Five least applicable technologies that should (but don’t) work in Africa


Am taking an exciting adventure into exploring technologies that are flourishing in the western world specifically the U.S but don’t “work” in the most parts of Africa. Most technology is brewed in the west and directly applied in Africa. However, in this post, I will show you that copy and paste just won’t work. If you are a tech entrepreneur here or you’re new foreign tech investor in Uganda, this will help put things in perspective. So in no particular order, lets get started.

1. iThings

I am probably risking being shot by some apple fan boys who are happily using their iMacs, iPhones, iPads and other iThings and may even be reading this blog post using them.
However, the fact is, very few Ugandans except executives and graphics, Ad and Media companies own or use apple products. Their prohibitive cost is rational reason for their unpopularity given Africa is a price-sensitive market. To put it in context, a 2.4 GHz quad 17″ MacBook Pro goes for $2,499.00 (~ Shs 6.5M) which is a 50 x100 ft  plot of land with Jomayi property masters.

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What works
There’s a resounding presence of PC vendors like Dell, HP, Acer, Sony in computer stores around the country. You can get a PC  equivalent of a Mac at half or less the price. Coupled with that,  windows and some scanty bits of Linux are the most popular operating systems that most Ugandans use, let only aware of in the computer industry.

2. Landlines
Landlines are so strange that I personally had a hard time understanding some of the landline technology concepts back at Engineering school. Occasionally I by pass dangling or cut telephone wires along some roads and wonder whether there’s a functional landline telephone network in the country.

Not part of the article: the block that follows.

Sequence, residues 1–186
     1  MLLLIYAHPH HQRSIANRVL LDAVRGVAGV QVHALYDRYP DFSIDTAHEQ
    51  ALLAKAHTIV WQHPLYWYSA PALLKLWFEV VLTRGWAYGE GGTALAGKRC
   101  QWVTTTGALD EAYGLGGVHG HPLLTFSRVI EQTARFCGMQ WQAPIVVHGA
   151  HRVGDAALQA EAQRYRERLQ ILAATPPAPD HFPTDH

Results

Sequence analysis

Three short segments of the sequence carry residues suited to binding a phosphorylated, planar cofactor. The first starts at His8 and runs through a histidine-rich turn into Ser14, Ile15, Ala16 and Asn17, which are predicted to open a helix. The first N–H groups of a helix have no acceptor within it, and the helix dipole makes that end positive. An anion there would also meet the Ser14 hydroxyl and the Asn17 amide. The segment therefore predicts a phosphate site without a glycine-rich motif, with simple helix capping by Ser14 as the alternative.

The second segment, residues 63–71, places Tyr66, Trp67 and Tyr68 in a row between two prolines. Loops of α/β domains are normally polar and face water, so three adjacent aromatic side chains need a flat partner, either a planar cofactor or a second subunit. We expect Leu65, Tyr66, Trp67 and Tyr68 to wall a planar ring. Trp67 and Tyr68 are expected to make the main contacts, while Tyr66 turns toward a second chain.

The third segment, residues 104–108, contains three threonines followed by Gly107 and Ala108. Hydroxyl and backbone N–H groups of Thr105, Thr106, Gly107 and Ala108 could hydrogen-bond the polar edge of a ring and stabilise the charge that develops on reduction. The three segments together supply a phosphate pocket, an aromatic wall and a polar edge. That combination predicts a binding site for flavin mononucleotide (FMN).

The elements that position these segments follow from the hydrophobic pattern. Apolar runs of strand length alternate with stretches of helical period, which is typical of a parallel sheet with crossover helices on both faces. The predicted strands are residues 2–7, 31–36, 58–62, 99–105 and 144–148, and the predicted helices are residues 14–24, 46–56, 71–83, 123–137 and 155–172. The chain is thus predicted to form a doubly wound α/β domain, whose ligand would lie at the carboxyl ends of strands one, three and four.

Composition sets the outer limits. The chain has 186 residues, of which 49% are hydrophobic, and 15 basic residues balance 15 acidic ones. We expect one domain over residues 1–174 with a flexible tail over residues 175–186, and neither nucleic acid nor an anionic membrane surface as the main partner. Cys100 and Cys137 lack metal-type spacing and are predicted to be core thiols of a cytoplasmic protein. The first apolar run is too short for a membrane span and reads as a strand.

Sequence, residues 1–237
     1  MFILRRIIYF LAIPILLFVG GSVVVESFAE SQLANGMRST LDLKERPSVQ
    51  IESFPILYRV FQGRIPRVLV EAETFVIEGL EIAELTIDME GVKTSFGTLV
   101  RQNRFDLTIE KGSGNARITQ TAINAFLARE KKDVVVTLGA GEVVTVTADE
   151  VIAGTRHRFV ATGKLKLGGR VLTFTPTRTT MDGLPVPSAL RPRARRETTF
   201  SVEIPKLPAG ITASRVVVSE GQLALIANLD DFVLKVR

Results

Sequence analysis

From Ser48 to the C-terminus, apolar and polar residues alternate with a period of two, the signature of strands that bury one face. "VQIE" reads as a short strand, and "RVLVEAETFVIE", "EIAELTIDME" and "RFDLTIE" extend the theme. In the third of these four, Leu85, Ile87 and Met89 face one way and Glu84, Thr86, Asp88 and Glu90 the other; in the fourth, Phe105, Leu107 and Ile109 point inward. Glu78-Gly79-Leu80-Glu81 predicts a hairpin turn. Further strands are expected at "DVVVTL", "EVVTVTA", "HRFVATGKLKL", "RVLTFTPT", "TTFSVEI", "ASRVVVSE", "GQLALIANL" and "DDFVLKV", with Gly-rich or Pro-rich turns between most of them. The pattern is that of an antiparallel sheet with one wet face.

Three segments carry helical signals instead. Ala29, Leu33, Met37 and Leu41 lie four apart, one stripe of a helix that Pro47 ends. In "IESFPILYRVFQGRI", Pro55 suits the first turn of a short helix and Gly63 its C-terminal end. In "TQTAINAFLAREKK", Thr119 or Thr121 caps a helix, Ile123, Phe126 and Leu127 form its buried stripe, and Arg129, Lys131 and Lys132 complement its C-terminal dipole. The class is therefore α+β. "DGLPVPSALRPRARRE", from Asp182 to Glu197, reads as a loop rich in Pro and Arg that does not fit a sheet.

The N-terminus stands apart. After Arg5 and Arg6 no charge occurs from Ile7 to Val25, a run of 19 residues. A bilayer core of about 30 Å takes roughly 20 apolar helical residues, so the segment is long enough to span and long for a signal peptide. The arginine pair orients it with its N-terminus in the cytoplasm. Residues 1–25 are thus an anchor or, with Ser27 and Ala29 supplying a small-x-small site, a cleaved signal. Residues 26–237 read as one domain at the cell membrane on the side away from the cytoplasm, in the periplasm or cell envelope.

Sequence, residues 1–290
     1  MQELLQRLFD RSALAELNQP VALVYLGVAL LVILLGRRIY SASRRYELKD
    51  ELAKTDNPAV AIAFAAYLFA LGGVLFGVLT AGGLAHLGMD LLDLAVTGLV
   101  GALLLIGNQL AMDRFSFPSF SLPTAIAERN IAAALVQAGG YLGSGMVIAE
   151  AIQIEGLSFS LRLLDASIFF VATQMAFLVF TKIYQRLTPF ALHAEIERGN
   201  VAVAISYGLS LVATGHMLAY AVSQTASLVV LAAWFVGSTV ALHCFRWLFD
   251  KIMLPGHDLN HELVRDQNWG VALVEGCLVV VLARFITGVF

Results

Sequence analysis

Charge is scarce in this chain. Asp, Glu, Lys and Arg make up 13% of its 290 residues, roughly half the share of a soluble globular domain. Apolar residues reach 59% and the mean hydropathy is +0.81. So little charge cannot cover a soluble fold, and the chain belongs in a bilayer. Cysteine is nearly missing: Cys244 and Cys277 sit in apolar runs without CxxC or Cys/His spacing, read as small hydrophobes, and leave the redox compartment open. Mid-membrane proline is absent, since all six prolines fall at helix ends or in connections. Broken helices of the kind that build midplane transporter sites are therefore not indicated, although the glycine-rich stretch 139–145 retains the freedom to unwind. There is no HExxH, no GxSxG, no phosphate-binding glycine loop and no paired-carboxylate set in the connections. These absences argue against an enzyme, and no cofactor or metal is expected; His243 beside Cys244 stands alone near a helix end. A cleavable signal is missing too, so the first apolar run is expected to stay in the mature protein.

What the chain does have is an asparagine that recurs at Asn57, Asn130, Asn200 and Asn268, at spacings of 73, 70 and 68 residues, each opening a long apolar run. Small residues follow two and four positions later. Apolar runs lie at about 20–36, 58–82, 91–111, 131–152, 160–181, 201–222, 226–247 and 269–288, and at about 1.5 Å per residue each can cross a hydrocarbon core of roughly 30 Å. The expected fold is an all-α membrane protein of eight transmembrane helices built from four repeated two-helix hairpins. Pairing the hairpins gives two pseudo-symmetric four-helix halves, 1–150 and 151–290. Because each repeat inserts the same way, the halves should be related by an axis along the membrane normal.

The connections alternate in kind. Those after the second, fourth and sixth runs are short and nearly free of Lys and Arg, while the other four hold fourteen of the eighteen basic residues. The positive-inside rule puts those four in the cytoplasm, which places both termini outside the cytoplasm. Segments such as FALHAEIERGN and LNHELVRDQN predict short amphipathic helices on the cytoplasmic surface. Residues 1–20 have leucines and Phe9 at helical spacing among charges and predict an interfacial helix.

What works
Mobile or cellular networks based on GSM standards is really what is more prevalent here. When the telecom sector was liberalized, Telecom companies like Celtel then – now Airtel and MTN saw rolling out cellular networks as the best alternative for Ugandans to communicate. Today a mobile phone is a house hold item even in rural Uganda.

3. Netflix

So how would you like laying back on the couch of your living room and rent any movie of your choice with just a click of a button? Netflix is a subscription-based movie and television show rental service that offers media to subscribers via Internet streaming and via US mail.With it, you have access to a vast database of media that your home Media library can never have. That’s cool.
However you(as a single user) need a continuous downstream bandwidth of 1.5 Mbit/s(which is what most medium sized Ugandan companies have) for which you get  stereo audio and video quality comparable to DVD. For  “better than DVD quality”, you need 3 Mbit/s and 5 Mbit/s for 720p HD with surround sound audio. I can confidently put internet TV, video conferencing and other video streaming services in this category.
Those broadband internet speeds at affordable rates for Ugandans are simply not available yet.

What or what should work
If there’s or was a Netflix equivalent of audio Media with content tailored for Ugandan audience like local music, then perhaps that would work. Audio streaming requires considerably less bandwidth like 64-128Kbs depending on quality and audio compression technologies which, I can say for sure is within the reach of some Ugandan internet users.
YouTube much as is a video based service also works.

4. NFC for mobile payments
What exactly is NFC? It’s a short-range wireless communications technology. A standard that allows electronic devices to communicate with each other. For example, to make a cellular payment using a short- range radio frequency, an NFC reader can read data from a tag or another device placed very close to it.